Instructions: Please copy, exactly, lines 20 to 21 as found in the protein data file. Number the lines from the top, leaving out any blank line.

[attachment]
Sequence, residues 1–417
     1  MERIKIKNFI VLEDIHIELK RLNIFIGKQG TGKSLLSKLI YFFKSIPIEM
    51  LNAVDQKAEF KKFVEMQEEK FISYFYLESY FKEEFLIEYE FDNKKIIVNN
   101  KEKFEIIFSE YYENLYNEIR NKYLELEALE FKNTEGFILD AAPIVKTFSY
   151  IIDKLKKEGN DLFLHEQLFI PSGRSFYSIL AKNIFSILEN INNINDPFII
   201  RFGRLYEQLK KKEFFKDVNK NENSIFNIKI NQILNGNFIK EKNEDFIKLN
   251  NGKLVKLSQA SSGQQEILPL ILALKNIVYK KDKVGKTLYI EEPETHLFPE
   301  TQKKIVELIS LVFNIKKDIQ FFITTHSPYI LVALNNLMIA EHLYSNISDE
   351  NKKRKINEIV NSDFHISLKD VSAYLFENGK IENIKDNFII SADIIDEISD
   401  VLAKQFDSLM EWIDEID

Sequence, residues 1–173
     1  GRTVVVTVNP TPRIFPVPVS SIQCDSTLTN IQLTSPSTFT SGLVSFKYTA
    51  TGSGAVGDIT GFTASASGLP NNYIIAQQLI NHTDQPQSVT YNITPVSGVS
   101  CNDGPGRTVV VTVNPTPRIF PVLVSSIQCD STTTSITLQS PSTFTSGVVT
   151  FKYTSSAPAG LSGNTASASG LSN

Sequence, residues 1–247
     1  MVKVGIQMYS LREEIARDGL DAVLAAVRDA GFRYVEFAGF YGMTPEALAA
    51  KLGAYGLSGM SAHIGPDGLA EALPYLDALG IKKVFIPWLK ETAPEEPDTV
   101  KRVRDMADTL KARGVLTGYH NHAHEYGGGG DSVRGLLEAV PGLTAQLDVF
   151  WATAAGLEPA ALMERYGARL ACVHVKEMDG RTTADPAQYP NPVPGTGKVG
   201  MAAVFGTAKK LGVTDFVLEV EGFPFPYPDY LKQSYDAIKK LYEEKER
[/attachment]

   151  WATAAGLEPA ALMERYGARL ACVHVKEMDG RTTADPAQYP NPVPGTGKVG
   201  MAAVFGTAKK LGVTDFVLEV EGFPFPYPDY LKQSYDAIKK LYEEKER